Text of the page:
1 Synopsis François and his fellow teachers prepare for a new year at a high school in a tough neighbourhood. Armed with the best intentions, they brace themselves to not let discouragement stop them from trying to give the best education to their students. Cultures and attitudes often clash in the classroom, a microcosm of contemporary France. As amusing and inspiring as the teenaged students can be, their difficult behaviour can still jeopardise any teacher s enthusiasm for the low-paying job. François insists on an atmosphere of respect and diligence. Neither stuffy nor severe, his extravagant frankness often takes the students by surprise. But his classroom ethics are put to the test when his students begin to challenge his methods...
2 Interview with Laurent Cantet and François Bégaudeau 1) In the Beginning (Film Style) Laurent Cantet: I came up with the idea of doing a film about life in a junior high school. Very quickly, the project defined itself to never leave the establishment s enclosure. At the time, more and more people were speaking about making a sanctuary of schools. I wanted to show the opposite: a sounding board, a microcosm of the world, where issues of equality or inequality regards to opportunity, work and power, cultural and social integration and exclusion - play out concretely. Of note, I had developed a scene about disciplinary counselling, which I saw as a kind of junior high black box. At the time of Heading South s release, I met François who was presenting his new book, Entre les murs (Between the Walls) at that time. His discourse was a counterattack to the indictment on today s schools: for once, a professor was not writing in order to get back at adolescents presented as savages or idiots. I read the book, and I immediately had the feeling that it would add to my initial project in two ways: first, material, the documentary support it needed, and which I set off to create myself by going to spend some time in a junior high school. Secondly, I was inspired by the character of François, by his direct relationship with his students. He summarised and incarnated the different aspects of teachers that I had first imagined. François Bégaudeau: The aim of my book was to document one school year, sticking close to daily experiences. So there was no clear narrative line, no fictional plot centred on any one particular event. There were disciplinary meetings, but they were mostly events among many which followed their course. With this material, Laurent and his co-screenwriter Robin Campillo extracted the storyline that they were interested in. My book was the result of situations; Laurent and Robin chose some of these to mould into fictional form. They did not choose characters in the strict sense of the term; they constructed them, sometimes by grafting together several kids from the book. Laurent Cantet: We did not want our narrative thread to be obvious immediately. We wanted the characters to develop progressively without really seeing them coming. The film is firstly a story of life in a classroom, the life of a classroom: a community of 25 people who did not choose one another, but who have been called upon to be together and work together between four walls for an entire year. Souleymane is first seen as merely another student of this classroom, equal to the others. After an hour of chronicle, a story takes shape and he is the centre of it. Only in retrospect do we realise that everything was already in place before. Laurent Cantet: We wrote an initial summary, a backbone of the film, destined to be irrigated and modified throughout the year of preparation according to a plan I had already tried out in Resources humaines (Human Resources). The idea was to use an existing school and during the filmmaking process, to integrate all the players of academic life. The first door that we knocked on was that of the Françoise Dolto Junior High in Paris 20th Arrondissement. It was the right one (we would have filmed there, if the school wasn t undergoing construction). All the adolescents of the film are students at Dolto; all the teachers teach there, including Julie Athénol who is the counsellor and Mr. Simonet is the assistant principal. With the exception of Souleymane s mother, whose role is the most fabricated; the parents in the film are those of the students in real life.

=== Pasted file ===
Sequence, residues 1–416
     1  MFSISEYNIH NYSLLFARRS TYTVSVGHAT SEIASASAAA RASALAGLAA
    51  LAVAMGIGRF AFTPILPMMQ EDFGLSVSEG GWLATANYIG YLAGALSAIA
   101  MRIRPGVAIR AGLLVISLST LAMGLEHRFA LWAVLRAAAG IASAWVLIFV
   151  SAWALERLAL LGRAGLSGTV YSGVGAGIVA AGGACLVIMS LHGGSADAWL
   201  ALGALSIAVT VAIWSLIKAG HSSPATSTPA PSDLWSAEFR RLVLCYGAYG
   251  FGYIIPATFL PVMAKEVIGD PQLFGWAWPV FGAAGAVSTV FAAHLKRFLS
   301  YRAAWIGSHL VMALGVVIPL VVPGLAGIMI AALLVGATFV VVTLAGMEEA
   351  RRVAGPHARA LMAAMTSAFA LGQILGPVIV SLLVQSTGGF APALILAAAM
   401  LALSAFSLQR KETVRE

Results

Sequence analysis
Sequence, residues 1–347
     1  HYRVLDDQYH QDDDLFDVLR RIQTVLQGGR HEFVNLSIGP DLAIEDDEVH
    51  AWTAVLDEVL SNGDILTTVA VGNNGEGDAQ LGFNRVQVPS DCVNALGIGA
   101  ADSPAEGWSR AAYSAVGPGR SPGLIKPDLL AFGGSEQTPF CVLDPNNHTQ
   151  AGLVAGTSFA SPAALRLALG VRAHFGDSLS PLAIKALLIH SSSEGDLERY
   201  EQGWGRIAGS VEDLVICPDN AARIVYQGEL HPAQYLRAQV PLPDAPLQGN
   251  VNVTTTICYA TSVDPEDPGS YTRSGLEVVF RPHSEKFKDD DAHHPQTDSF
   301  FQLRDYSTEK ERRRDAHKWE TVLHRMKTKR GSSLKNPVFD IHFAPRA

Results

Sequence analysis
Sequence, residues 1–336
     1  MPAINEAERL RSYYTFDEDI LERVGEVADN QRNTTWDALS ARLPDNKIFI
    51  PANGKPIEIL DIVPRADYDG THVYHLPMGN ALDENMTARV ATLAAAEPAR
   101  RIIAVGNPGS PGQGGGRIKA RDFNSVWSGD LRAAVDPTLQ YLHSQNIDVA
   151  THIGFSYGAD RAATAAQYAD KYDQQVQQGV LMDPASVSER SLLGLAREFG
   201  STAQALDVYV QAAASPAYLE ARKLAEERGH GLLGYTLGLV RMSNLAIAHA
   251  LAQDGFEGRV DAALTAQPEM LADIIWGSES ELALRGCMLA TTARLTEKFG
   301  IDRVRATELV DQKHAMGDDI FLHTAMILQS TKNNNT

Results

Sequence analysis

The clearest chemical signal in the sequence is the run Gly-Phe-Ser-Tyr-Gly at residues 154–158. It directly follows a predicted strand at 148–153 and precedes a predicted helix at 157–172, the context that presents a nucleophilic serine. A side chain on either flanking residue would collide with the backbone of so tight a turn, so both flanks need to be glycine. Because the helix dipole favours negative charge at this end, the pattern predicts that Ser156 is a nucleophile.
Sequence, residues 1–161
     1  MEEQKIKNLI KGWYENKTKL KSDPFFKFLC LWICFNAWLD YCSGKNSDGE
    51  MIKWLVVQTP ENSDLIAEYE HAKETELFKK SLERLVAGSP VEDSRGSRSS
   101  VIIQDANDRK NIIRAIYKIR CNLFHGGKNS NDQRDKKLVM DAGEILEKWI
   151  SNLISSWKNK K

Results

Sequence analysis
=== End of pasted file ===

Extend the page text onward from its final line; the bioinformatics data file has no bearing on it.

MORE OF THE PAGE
3 2) Born Actors Laurent Cantet: Work with the adolescents began in November 2006 and lasted until the end of the school year. During the course of the year, a class took shape. The characters of the original script, who existed only because of the situations that they could generate, became more defined. The young Chinese boy in the book, for example, interested me because of his still fragile French skills and for the episode of his parents deportation. But the Wei in the film owes a lot to the boy who plays him. For example, we did not write a word of his self-portrait nor the passage where he explains how he feels shame for others. Laurent Cantet (continued): We used a whole spectrum of processes; depending to what extent the characters were constructed fictionally. Arthur, the gothic kid, for example, was not foreseen in the script. But a few weeks before the shoot, the costume designer came to investigate their closets. She asked if one of them wanted to become gothic. Arthur threw himself into the idea. I guess he wanted to live out something that he didn t dare. He took the plunge in fiction.. François Bégaudeau: Most of the adolescents are created characters. At the end of the film, you think: these kids are fantastic, but they are not really actors, they re natural because they are just playing their lives. Nothing could be farther from the truth! Laurent Cantet: During the workshop improvisations, we tried to push the students as far as possible to see if they could handle this or that scene. One day, I asked Carl to be very aggressive towards his teacher, and he proposed a scene of unexpected violence. A few seconds later, I suggested another situation: he has come from another junior high school where he had been kicked out; here he wants to pass for a nice kid. Instantly, he created a quiet character, intimidated by François. The scene is actually in the film. François Bégaudeau: When it came to filming the scene at the end of the class, where Khoumba and I are arguing, we told Rachel, who plays the part: be a real pain. So sweet and kind in real life, but she still responded to the request. Laurent Cantet: The one who went the farthest in creating his role is certainly Franck (Souleymane in the film). He s a very reserved, sweet guy, the exact opposite of the character. We had to fabricate with him this tough guy image. With each scene, he surprised me with the violence which he showed himself capable of. As for Esmeralda, she is Esmeralda: monolithic, perfectly at ease with power plays and conflict, which still didn t stop her from integrating all the instructions that I gave her. François Bégaudeau: Along with the ease for improvisation, once a scene was discovered, they were able to re-create it identically with incredibly natural and precise acting. School takes their savoir-faire and refines it, perhaps because school is a continual invitation to play a role, to dissimulate, to cheat. The worst students often have this very talent, because they have to compensate for their difficulties with chatter, lying, and make-believe. Laurent Cantet: When I ask a junior high school student to play a junior high school student, a teacher to play a teacher, I do not expect that they will express themselves as they are. During the improvisation workshops, they reflected together on the different stakes of the scenes, using this occasion to question their own teaching techniques, or contesting sometimes my proposals. This is one of the most exciting phases of the filmmaking process.